The Path to Violence: Is Political Islam the Motor of a "Conveyor Belt" to Terrorism, or Is Western Foreign Policy to Blame? Mehdi Hasan Corresponds with Maajid Nawaz, a Former Extremist
Nawaz, Maajid, New Statesman (1996)
Your new memoir, Radical, exploring your journey from Hizb ut-Tahrir activist to self-professed "liberal Muslim", is bold, fascinating and, at times, insightful.
To be honest, I wasn't always a fan of your work--and I am still bemused by the view in some circles that former extremists are the best (the only?) people qualified to identify and tackle extremism.
Nonetheless, you should be applauded for trying to answer one of the most uncomfortable questions of our time: what is it that turns a tiny minority of ordinary, young, Muslim men into fanatical, cold-blooded killers?
It is undoubtedly the case that what you refer to as a "stifling, totalitarian victimhood ideology" often plays a role in the transformation. But I worry that, in your understandable attempt to denounce and deconstruct the "Islamist narrative of a clash of civilisations", you downplay the role of foreign policy issues (from the invasion of Iraq to the occupation of Palestine to the west's support for Arab dictators) as drivers of radicalisation.
Would you accept that those neoconservatives who deny a link between, say, foreign occupations, on the one hand, and radicalisation and terrorism, on the other, are being dishonest? The empirical evidence is clear: the US political scientist Robert Pape, who studied every known case of suicide terrorism between 1980 and 2003, has concluded that the "specific secular and strategic goal" of suicide terrorists is to end foreign military occupations. "The tap root of suicide terrorism is nationalism," he wrote; it is "an extreme strategy for national liberation".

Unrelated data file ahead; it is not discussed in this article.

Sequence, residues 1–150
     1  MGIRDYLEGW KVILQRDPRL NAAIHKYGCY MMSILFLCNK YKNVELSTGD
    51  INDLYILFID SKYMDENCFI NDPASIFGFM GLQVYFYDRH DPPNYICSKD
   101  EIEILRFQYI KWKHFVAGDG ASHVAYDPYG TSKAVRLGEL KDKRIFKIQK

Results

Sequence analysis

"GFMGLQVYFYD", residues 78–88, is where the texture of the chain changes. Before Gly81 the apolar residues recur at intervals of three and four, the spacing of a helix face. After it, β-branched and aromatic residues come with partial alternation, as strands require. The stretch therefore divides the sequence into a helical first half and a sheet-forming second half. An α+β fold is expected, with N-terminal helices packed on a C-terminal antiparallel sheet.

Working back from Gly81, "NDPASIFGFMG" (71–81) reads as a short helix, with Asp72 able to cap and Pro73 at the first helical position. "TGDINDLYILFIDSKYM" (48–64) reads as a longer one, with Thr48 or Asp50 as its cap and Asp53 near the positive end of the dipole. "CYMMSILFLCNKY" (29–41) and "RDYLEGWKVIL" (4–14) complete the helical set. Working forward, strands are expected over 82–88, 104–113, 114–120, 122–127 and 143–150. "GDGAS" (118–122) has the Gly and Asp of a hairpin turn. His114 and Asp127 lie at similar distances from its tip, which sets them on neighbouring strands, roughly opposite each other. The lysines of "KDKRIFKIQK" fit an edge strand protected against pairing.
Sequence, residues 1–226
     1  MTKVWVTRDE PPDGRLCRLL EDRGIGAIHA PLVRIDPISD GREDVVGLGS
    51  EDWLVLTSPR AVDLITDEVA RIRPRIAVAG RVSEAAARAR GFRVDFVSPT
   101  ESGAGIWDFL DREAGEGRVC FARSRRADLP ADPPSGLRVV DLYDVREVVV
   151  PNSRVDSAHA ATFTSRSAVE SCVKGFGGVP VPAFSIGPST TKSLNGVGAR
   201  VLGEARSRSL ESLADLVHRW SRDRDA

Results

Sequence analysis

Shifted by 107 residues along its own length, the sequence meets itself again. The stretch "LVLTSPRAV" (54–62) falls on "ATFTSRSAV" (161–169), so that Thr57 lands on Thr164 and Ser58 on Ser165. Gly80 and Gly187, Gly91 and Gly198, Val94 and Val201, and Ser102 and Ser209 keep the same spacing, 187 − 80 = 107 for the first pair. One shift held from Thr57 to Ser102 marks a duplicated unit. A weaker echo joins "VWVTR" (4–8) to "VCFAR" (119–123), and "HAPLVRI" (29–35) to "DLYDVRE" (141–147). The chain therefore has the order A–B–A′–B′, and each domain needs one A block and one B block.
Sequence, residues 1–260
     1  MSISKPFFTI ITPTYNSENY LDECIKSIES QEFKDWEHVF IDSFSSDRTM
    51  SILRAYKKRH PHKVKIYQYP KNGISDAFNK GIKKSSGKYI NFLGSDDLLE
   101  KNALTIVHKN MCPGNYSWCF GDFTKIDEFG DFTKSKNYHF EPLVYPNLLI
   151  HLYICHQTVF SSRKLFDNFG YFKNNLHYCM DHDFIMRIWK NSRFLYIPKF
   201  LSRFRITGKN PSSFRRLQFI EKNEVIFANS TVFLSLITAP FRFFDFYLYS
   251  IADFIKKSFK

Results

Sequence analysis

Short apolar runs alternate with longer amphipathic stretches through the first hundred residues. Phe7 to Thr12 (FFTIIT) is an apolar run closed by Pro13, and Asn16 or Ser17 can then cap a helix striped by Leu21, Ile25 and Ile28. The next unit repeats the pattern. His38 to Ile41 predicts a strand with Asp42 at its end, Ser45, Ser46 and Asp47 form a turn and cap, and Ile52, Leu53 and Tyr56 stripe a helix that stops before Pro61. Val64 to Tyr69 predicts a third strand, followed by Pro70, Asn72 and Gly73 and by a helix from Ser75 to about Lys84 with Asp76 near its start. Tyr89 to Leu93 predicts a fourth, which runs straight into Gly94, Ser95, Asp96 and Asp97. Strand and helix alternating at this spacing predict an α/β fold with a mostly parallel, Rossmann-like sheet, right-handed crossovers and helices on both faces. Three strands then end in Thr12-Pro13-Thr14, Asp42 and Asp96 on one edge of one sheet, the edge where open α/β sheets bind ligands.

You denounce those on the "regressive left", such as the Guardian columnist Seumas Milne, who dare to join the dots between the west's wars and Islamist extremism. Forget Milne. Consider instead the verdict of Michael Scheuer, the former head of the CIA's Bin Laden tracking unit and the author of three acclaimed books on al-Qaeda. "I don't think there are a lot of people who want to blow themselves up because my daughters go to university," Scheuer told me in an interview last year. "People are going to come and bomb us because they don't like what we've done."
Is he wrong?
As Amnesty's UK director Kate Allen noted in her preface to Radical, it is a story about racist violence and a struggle for human rights, just as much as it is a story about the impact of a divisive ideology. Rather than explicitly prescribe factors that cause extremism, I chose to bring them out through the means of storytelling, so that readers could step into my world.
I have attempted to strike a balance between the two extremes of the neoconservative right, which tends to blame Islam itself for an increase in Islamist-led violence, and the regressive left, which tends to blame only foreign or domestic western government policy. The fact is that human beings are complicated animals. Unlike water, we don't all boil at 100[degrees] Celsius, No catch-all cause of extremism can be identified. It is best to approach this subject with some general principles in mind that inevitably contribute to the phenomenon--grievances, identity crises, charismatic recruiters and ideological narratives.
It matters not whether the grievances are real or perceived. The perception of a grievance is sufficient to act as an agitating force. Where policy is wrong, such as with the invasion of Iraq, it should be changed to protect our own values rather than to succumb to the demands of terrorists. Where policy is right but perceived as wrong, more needs to be done to engage the aggrieved parties, as citizens and not as segregated communal blocs.
One million Britons marched against the Iraq war. Of these, a tiny minority, from within the non-Iraqi British Muslim communities, reacted with violence on 7 July zoos. …